Seasickness, the biggest fear of all novice sailors, is said to comprise of 2 phases. In the first, you are so sick that you think you’re going to die and in the second, you’re afraid you won’t.
There are 3 groups of people:
- Those who never get seasick
- Those who always get seasick
- And the largest group, those who sometimes do, depending entirely on the circumstances.
Unfortunately, until you actually sail, you won’t find out which group you belong to. Hopefully, you’ll be in the first group, but even if you aren’t, there are ways to prevent it or at least alleviate it. Some people swear by certain remedies, while others claim they are a mere placebo. It's up to you to try them out and see what works for you.
So why do people get seasick?
The fact that a person gets sick as soon as the boat begins to rock is the result of contrasting sensory perceptions that the brain does not know how to process. Kinetosis occurs when the brain perceives motion (for example, through the muscles that compensate for the rocking of the boat), but at the same time (especially below deck) receives visual input that it is stationary. These two perceptions contradict one other, confusing the brain which leads to the release of too much histamine and activates the vomiting centre. It takes two to three days for the brain to get used to the sea and sometimes it never does.
Below we will introduce you to some tips and tricks to prevent you suffering from seasickness, but of course there are also treatments. There are many types of tablets and chewing gums that can help against motion sickness, such as the Kinedril. Antihistamines help well against nausea, but they can cause drowsiness. Diphenhydramine and dimenhydrinate prevent the transmission of nerve impulses to the vomiting centre. Scopalmin, in turn, inhibits nausea and is available as patches. However, antiemetics often have side effects (most often drowsiness) or may interact with other medicines, so they should never be taken without consulting your doctor or pharmacist.
How to prevent seasickness?
Eat light meals, do not drink alcohol and sleep a lot. Unfortunately, this is the exact opposite of what most people expect from a yachting vacation.
Get some fresh air and look at the horizon
This age-old remedy is also a useful tip. If you are worried about getting seasick, stay above board as much as possible and enjoy the fresh sea breeze. It is also recommended that you stare at the horizon. This helps the brain combine the right image with the perceived motion.
Choose the right route
Summer or winter, the open sea or a voyage on the calm Adriatic? Both the season and the destination affect the likelihood of seasickness. It will be higher when sailing on the Atlantic, the US coast or the popular Caribbean, where storms often threaten in the autumn. Even the Mediterranean is more turbulent in winter than in summer. The more sheltered the sea, the smaller the waves and the smaller the sway.
Choose the right cabin
If you can choose a cabin and you are worried about getting seasick, prioritize cabins in the middle of the boat, which rock much less than cabins at the bow or stern. If the boat does not have a middle cabin, choose a cabin at the stern. Bow cabins are most exposed to the motion of the sea. If a cabin with a window is available, it’s better than a cabin without. If you are experiencing acute nausea or dizziness, looking out the window at the horizon can help.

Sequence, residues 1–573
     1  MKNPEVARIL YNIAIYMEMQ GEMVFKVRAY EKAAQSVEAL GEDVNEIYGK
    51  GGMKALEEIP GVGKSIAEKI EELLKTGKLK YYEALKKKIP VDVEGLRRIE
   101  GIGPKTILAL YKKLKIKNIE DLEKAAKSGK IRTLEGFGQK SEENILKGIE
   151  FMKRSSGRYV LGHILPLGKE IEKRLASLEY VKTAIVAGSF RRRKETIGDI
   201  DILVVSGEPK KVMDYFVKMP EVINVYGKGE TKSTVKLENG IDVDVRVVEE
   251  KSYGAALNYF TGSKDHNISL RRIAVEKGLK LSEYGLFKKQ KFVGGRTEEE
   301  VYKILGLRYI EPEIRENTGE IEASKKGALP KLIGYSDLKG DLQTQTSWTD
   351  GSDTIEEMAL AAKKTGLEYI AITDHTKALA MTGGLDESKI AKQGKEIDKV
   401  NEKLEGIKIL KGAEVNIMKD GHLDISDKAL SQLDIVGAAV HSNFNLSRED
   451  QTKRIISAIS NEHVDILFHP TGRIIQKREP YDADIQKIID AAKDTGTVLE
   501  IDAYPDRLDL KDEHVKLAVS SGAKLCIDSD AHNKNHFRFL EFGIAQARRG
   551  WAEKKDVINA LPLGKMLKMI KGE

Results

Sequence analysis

What to do when seasickness has already started?
Create your own horizon
Are you feeling so terrible that you are not able to get out of the cabin and don't want to go above board at all? Try simulating the horizon with an ordinary bottle partially filled with water. Lay the bottle on its side and stare at it. The water will move according to the rocking of the boat, thus calming your disoriented senses.
If the view of the horizon does not help, simply turn off your visual senses. If darkness reigns around you, the visual sensations will disappear and the brain will only perceive the swaying. In addition, it increases the likelihood that you will fall asleep, which of course helps against nausea as well.
Ginger and other remedies
A lot of people swear by ginger when they have a cold or suffer from nausea. Even ancient sailors used ginger as a remedy for motion sickness. Cut it into small pieces and chew it or buy candied ginger. Although there are no modern studies to confirm the effects of ginger, it can’t hurt and belief is powerful. But pay attention to the maximum daily dose, which is 4 grams for fresh ginger. If you ingest too large an mount, symptoms of overdose may appear and paradoxically one of them is nausea. Inhaling peppermint oil is also a popular remedy, especially in Asian countries. You can also try mint tea.
Acupuncture and acupressure may also be prove handy. While you probably won't need to actually insert needles while sailing, acupressure tapes can be easily worn on the wrist and purchased online. They put pressure on certain pressure points to relieve nausea.
Take care of yourself. Remember to drink enough clean water (especially when vomiting to prevent dehydration), do not eat foods that are too fatty, but also do not swim on an empty stomach. Do not smoke. Consume alcohol in moderation so you won’t confuse a hangover with seasickness. Wear a hat or cap to protect you from the sun and strong winds. Also, don't forget your sunglasses. Take a deep breath and try not to worry about it before you set sail. There’s no point in being scared to death and there is such a thing as mind over matter. If you are already boarding believing you’re going to get seasick, it will almost definitely happen. Try to stay positive and remember that even if you feel a little sick, it's still worth it. After all, even great seafarers sometimes get seasick.